Pritesh Prakash — September 9, 2021
Advanced Data Science Deep Learning Libraries NLP Python Text

This article was published as a part of the Data Science Blogathon

Introduction

In this article, you will learn about the input required for BERT in the classification or the question answering system development. This article will also make your concept very much clear about the Tokenizer library. Before diving directly into BERT let’s discuss the basics of LSTM and input embedding for the transformer.

 

What is LSTM?

LSTM was used first in sequence to sequence for the NLP solution. In the seq2seq model, the team also took those input samples in which they reversed the source sentences but not the target sentences and they achieved a higher score with this. The dimension of the embedding vector also improves the score for example in English different sizes of Glove embedding are available 50, 100, 200, etc. In short, it always matters the way you feed the data to your network. The LSTM became popular due to its learning capability for long-term sequences. In NLP tasks LSTM can learn the word sequences in the sentence.

Refer to the image below the position of the word ‘our’ is after the words ‘the’, ‘earth’ and ‘is’ and our neural net is to be capable of learning these sequences. LSTM network sequentially takes input, and this helps it to preserve the word order in a sentence. LSTM can learn which word came first, which came second, third, and so on. Feeding the input style makes a lot of difference. That sounds good but this is also a problem that we can not feed the entire sentence all at once. If we do so in any customized network then preserving the positional information is also a challenge.

LSTM | The Bert tokenizer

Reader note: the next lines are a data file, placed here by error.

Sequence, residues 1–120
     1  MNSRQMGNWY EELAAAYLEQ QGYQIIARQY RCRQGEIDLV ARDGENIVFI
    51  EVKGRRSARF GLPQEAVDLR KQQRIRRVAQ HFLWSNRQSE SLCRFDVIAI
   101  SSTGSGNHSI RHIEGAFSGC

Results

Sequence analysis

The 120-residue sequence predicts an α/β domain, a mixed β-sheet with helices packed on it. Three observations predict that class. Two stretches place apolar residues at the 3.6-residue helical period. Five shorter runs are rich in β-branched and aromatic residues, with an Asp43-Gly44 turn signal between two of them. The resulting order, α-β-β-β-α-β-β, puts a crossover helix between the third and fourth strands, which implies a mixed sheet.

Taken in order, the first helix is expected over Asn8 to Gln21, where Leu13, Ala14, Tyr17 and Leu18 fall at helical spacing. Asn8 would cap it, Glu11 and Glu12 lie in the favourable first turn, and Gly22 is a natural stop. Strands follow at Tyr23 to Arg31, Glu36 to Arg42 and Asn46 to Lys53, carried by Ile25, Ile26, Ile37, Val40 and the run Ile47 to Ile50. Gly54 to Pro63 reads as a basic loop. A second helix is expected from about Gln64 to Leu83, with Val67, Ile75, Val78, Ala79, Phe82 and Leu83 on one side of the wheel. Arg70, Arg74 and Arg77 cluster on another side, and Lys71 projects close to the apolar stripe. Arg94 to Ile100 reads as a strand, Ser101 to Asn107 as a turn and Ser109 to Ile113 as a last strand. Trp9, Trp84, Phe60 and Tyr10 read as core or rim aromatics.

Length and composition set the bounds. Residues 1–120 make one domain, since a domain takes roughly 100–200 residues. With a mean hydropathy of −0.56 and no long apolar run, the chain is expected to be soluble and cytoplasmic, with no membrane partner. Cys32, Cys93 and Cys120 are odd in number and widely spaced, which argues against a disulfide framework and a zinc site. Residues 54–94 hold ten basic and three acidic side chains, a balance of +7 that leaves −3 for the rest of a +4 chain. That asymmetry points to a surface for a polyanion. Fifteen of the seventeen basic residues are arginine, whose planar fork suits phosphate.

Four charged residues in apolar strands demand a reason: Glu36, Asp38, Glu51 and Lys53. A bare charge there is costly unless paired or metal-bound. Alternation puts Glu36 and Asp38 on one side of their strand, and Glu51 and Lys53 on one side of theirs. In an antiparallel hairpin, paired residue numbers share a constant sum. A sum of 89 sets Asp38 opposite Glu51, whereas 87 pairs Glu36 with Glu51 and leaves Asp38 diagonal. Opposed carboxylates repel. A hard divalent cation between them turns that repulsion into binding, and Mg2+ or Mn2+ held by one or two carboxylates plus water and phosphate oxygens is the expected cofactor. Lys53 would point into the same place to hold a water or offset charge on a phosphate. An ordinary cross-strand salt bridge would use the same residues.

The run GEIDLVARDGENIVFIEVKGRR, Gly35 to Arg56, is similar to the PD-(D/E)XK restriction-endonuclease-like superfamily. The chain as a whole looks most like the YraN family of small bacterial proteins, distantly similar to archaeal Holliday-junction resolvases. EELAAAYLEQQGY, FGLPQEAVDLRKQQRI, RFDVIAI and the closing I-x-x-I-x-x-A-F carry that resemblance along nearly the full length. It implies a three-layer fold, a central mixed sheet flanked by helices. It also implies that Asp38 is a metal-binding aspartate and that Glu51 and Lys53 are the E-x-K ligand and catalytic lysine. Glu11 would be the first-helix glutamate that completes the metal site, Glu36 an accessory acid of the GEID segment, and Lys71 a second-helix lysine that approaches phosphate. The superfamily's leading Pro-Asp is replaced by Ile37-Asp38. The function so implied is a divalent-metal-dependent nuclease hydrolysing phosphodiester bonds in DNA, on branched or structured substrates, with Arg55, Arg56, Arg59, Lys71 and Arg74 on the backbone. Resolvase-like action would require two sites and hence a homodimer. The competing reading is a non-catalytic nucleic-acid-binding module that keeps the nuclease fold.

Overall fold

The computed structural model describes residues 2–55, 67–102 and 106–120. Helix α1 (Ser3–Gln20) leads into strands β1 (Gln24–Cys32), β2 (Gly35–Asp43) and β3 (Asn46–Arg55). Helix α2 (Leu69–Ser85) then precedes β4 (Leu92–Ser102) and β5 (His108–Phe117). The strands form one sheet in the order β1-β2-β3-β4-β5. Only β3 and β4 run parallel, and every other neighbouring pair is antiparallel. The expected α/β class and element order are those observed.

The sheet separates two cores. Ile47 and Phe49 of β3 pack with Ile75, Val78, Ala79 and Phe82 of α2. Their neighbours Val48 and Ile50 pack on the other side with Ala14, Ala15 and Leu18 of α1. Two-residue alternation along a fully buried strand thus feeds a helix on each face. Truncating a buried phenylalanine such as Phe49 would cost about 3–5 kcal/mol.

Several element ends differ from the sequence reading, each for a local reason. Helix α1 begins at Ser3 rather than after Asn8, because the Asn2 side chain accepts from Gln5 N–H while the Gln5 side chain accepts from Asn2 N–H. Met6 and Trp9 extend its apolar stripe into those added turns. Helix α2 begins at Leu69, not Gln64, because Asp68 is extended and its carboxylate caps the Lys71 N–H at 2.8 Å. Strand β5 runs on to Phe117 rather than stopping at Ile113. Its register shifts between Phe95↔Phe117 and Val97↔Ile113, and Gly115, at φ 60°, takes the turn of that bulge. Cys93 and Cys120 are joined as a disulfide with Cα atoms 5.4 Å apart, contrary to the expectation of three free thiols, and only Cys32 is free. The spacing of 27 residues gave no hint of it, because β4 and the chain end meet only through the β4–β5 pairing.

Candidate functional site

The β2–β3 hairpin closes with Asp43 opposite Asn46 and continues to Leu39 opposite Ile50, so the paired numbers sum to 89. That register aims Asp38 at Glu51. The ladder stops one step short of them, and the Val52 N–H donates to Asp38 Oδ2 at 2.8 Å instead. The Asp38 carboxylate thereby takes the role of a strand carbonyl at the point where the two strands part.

Sequential Learning of RNN

What is Embedding?

A neural network can work only with digits so the very first step is to assign some numerical values to each word. Suppose you have 10000 words dictionary so you can assign a unique index to each word up to 10000. Now all words can be represented by indices. And embedding is a d-dimensional vector for each index. Refer to the figure below just for a basic idea of word embedding each word has a unique index and has an embedding vector.

word embeddings | The Bert tokenizer

Positional Embedding in Bert Tokenizer

Let’s have a little fun here, just think if we add positional indices to our word embedding. Will this help? Refer to the image below, when we add a positional index to the word embedding(W1, W2..etc) then the final embedding for the rightmost words will always be bigger and it will dominate the original word embedding as in this case if we add 10 to W3, then the significance of W3 will be lost. To overcome this problem if we normalized the indices with the total length (divide all indices by 10) then the same word will have very different embedding for different lengths of sentences.

positional embedding